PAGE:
Conclusions

This study found that the referral from primary care to direct access to brain MRI compared with referral for a neurologist for patients with chronic headache was associated with lower NHS overall costs at 6 and 12 months postrecruitment. Despite waiting longer from referral to appointment, participants in the Neurology group reported higher satisfaction levels associated with the care received compared with the MRI group and were more likely to benefit from changes to their therapeutic management.

Implications for further research and clinical practice

Baseline measures of headache burden, such as the HIT-6 or MIDAS, could potentially be used to determine which pathway may be suitable for patients but further research into the risk stratification of chronic headache patients is required. Future study designs should consider the confounding by indication introduced by recruiting participants referred to the two pathways based on GP decision. With regards to clinical practice, and based on the study findings, we plan to provide GPs with headache management advice along with the MRI report.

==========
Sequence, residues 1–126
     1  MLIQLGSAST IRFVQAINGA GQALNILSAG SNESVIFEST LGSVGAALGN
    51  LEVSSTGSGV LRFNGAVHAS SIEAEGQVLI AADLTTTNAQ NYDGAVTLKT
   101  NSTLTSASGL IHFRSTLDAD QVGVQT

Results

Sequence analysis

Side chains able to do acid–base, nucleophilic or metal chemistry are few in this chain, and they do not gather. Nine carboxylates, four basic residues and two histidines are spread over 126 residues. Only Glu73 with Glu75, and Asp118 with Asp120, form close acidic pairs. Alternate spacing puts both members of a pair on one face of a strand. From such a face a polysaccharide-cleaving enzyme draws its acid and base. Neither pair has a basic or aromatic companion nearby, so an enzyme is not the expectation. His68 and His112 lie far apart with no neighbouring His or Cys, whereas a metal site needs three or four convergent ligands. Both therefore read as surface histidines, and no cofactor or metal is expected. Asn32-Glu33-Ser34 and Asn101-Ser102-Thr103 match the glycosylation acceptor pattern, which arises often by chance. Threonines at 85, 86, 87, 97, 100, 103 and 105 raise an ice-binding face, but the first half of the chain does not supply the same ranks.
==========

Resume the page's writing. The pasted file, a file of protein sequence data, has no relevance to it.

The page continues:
Acknowledgments

The authors would like to thank all patients and staff members at Guy’s and St Thomas’ NHS Trust, particularly neurology and radiology consultants, for making this study possible.

References

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Supplementary materials

  • Supplementary Data

    This web only file has been produced by the BMJ Publishing Group from an electronic file supplied by the author(s) and has not been edited for content.

Footnotes

  • Contributors TR, AM, YA, JT, RR, JLP, PM and SA contributed to conception and design of data. TR, YA, CM and JO contributed to acquisition of data. TR, JLP, PM and JS involved in analysis and interpretation of data. TR, AM, JLP, PM, VG, JS and SA involved in drafting the manuscript. TR, AM, YA, CM, JT, RR, JLP, PM, VG, JS and SA contributed to final approval of the completed manuscript.

  • Funding This work was supported by the Guy’s and St Thomas’ Charity.

  • Competing interests None declared.

  • Patient consent for publication Not required.

  • Ethics approval The Health Research Authority and Research Ethics Committee (West of Scotland—REC 4) approved the study research on 12 April 2016 (REC reference 16/WS/0028).

  • Provenance and peer review Not commissioned; externally peer reviewed.

  • Data availability statement Data are available upon reasonable request. Extra data can be accessed via the Dryad data repository at http://datadryad.org/ with the doi: 10.5061/dryad.d7wm37pzn.